Daily Fishing and Outdoor Report
Further dispelling the belief that white cats can't jump ... as to their thinking a jump through ...
The courageous guard cat lies in wait for any and all intruders ...
Thursday, July 14, 2016: Last of the brisk south winds ending tonight. Did get a high temp into the 90s on the mainland, mid-80 on LBI. The winds will know lay down and although that’ll mean heat even for LBI, it is going to make for classic LBI, though I don’t see much wave action for surfers and such.
Even with the wind drop-off there starting tomorrow, there should be enough to maintain a fluke drift, maybe later in the day.
HOLGATE UPDATE: please check out this latest look video at the Holgate beach area just past the parking lot. Much has changed, fence-wise, after a bit of a cooperate to-do between the LBT mayor’s office and some Holgate businesses and residents.
Things worked out really well, though I somehow got thrown a bit under the shuttle bus. My video yesterday got rather well-seen and was targeted by town hall as being overly aggressive. It was said today that LBT had not planned on closing the far south end -- despite the fencing being placed down to the water’s edge. I guess, in my defense, I can note that quite a few folks were emphatically told by LBT officials that the entire beach area was being closed – and would remain that way. OK, maybe they meant just for the day. Hey, I’ll buy into that now that an agreement has been reached and the beach opened.
I’m ecstatic that the fences are now how they, uh, were meant to be all along, i.e. allowing the public to walk on that soft and wonderful piece of beach.
IT AN ODD STANDING POINT: I’ve beached it in the wake of many of the Island’s beach replens and its indubitably weird. But standing on the new sands at the far end of Holgate felt the weirdest of all, though I didn’t get a chance to stand where the Holyoke Jetty once stood.
As the video shows, I have absolutely no doubt Wooden Jetty will rise again -- in some form or another, maybe not quite as raw and jettyish as it had been, but easily enough to create a breaking point for waves.
Will the wooden wall portion of Wooden Jetty, closer to the parking lot, re-appear? Definitely. A drop-off there could become very steep, unless mechanical repairs are done (probable).
It should be taken into account that the area just south of the Holgate parking lot is one of the most dynamic erosional points on the Island. What’s more, the nearby heavily-eroded un-replenished Wilderness Area will enhance erosion near Wooden Jetty. Much of the feathered sand area seen in the video will rather quickly migrate either outward – and into sandbar to the south -- or move onto the Refuge.
Translation: The Wooden Jetty area will remain dramatically erosive while the Forsythe Refuge just south of there will accrue migrating sand from the entire Nebraska Avenue to Holgate replenishment. Yes, that’s hopefulness on my part but there is also science behind that prediction.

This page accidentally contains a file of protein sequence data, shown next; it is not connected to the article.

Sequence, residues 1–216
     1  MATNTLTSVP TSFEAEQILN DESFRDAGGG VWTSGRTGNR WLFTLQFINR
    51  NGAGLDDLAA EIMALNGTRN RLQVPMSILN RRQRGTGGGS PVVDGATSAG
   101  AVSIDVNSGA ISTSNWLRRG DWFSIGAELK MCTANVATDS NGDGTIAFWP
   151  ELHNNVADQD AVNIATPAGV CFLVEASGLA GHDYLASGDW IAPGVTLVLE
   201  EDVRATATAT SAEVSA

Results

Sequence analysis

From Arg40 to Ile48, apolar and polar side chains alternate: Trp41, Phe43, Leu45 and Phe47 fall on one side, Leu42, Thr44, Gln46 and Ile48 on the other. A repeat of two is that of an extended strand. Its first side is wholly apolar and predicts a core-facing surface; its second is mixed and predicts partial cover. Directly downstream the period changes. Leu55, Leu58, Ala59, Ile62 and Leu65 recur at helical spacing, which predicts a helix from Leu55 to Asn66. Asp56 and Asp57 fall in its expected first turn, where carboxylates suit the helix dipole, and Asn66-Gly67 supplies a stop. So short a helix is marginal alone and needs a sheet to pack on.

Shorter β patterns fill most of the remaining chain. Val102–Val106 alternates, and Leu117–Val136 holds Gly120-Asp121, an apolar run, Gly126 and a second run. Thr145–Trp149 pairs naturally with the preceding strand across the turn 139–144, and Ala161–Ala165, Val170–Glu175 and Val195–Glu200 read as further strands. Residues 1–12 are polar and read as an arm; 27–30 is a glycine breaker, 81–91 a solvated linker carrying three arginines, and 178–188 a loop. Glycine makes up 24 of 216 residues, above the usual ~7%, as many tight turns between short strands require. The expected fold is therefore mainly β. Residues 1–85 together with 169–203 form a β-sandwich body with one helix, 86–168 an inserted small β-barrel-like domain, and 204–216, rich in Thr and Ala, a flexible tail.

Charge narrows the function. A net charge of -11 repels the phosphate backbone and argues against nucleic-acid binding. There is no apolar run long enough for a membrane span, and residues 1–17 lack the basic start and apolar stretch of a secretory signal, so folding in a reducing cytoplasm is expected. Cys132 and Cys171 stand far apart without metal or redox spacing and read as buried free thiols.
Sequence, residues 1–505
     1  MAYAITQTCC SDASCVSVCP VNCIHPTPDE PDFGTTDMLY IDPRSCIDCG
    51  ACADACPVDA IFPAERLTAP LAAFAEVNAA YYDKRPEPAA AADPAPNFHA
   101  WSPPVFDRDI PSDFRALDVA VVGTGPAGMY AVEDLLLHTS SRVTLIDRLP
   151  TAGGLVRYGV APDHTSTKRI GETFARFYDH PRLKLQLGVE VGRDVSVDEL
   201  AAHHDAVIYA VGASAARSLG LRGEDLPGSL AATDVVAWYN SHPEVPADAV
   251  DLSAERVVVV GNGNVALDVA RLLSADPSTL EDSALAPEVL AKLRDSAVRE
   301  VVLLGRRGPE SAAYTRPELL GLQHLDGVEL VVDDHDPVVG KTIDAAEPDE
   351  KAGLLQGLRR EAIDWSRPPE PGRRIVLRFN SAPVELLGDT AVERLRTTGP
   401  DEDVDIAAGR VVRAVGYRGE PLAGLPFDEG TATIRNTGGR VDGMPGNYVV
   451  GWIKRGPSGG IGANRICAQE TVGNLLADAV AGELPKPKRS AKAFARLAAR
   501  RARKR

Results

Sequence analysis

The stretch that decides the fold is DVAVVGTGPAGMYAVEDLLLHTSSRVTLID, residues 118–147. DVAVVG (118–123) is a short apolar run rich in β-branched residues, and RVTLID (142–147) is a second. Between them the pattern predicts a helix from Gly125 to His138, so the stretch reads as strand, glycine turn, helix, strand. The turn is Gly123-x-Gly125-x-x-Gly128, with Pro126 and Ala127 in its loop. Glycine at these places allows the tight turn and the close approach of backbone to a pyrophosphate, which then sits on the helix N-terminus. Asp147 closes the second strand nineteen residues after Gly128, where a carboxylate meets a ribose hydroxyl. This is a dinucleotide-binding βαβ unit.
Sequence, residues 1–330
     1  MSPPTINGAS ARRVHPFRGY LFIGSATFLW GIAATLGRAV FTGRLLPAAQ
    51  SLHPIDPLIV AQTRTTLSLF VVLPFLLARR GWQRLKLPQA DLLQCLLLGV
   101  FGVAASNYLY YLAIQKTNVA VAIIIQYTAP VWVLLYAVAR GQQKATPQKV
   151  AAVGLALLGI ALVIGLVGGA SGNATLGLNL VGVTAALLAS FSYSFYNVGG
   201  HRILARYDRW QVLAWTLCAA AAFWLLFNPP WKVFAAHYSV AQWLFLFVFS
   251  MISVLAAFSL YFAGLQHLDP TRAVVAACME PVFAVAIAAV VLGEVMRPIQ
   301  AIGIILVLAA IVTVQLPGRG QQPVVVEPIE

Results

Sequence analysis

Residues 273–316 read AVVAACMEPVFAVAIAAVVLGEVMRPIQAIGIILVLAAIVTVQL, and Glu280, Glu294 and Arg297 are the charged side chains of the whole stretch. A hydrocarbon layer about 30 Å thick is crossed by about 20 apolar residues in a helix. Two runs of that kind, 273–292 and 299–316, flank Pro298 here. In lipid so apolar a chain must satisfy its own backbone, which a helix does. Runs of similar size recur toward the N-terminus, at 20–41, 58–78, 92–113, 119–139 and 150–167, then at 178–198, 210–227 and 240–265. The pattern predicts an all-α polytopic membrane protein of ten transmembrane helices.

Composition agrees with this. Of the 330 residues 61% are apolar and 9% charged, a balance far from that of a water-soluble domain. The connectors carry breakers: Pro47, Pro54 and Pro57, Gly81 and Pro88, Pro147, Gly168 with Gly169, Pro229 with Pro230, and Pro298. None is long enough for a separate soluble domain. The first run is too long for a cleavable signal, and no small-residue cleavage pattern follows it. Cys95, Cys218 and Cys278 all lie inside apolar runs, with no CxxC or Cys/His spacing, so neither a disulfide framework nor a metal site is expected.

ANGLING NOTE: As to angling that point of just-opened beach, it has to be excellent! I know it folly to predict good fishing but to have deeper water along the replenishment zone meeting miles of shallows to the south (refuge); that just smacks of gamefish hiding out just off the point, awaiting food to sweep around the bend in the beach.
And don’t go saying I’m burning a spot! There’s not a soul fishing there yet. In fact, I just might be among the first to even check on the fluking there.
SHARKS AND SUN GALORE: I did some fun shark story-talking with surfcaster Greg I. who landed a brown shark per day for two days running, Tuesday and Wednesday. Then, today, his daughter, Taylor, landed a third brown. They have been fishing two spinning reel set-ups on 10-foot rods. One of the reels had 20-pound test mono. The other had a 50-pound braid.
The browns sharks were in the 45- to 55-inch range, taken on whole squid, fished off (importantly) a circle hook (7/0). A steel leader (70 pound), shock cord (80) and a fishfinder also came into play.
Due to the use of circle hooks, all three sharks were nicely hooked in the side of the mouth. That meant the teeth were grinding on hook metal. It also meant the fish were quickly unhooked, photographed and released. Circle hooks rock!
Not a circle ...
We all know our nearshore waters are loaded to the gills with this species of protected shark but what made these three-for-three hookups of utmost interest was their timing. All were caught under a high midsummer sun.
The timeframe of those hookup is intriguing for me, since I’m always into what’s called the natural history of a species. That’s more the observational angle, watching how an animal goes about its daily life; its patterns and the tendencies.
Below: Usual night look for landed browns.
While a sudden increase in daytime hookups might seem insignificant, it is to a natural history scientist. The diurnal feeding by a nocturnal feeder might simply be happenstance, possibly due to baitballs gathering near the beach. I saw some large baitballs off Surf City today. However, if these daytime hookups are a trend, it could be the sign of a healthy hike in the brown shark biomass. An increase in biomass could force smaller/younger sharks to hunt throughout the day. It might even indicate the now-obvious heavy showing of highly-nocturnal sand tiger sharks might be knocking some small browns off their night-feeding marks? At the same time, larger brown shark can easily stand their ground against other sharks of a similar size.
I’ve never been much on sharkacious night snorkeling or scuba diving but I’ll but it’s quite an active realm out there right about now … only yards off the beach!
Below: One of the species you don't want to see, day or not. Not to be tusted ... as I once found out while surfing off Sand Island, Honolulu.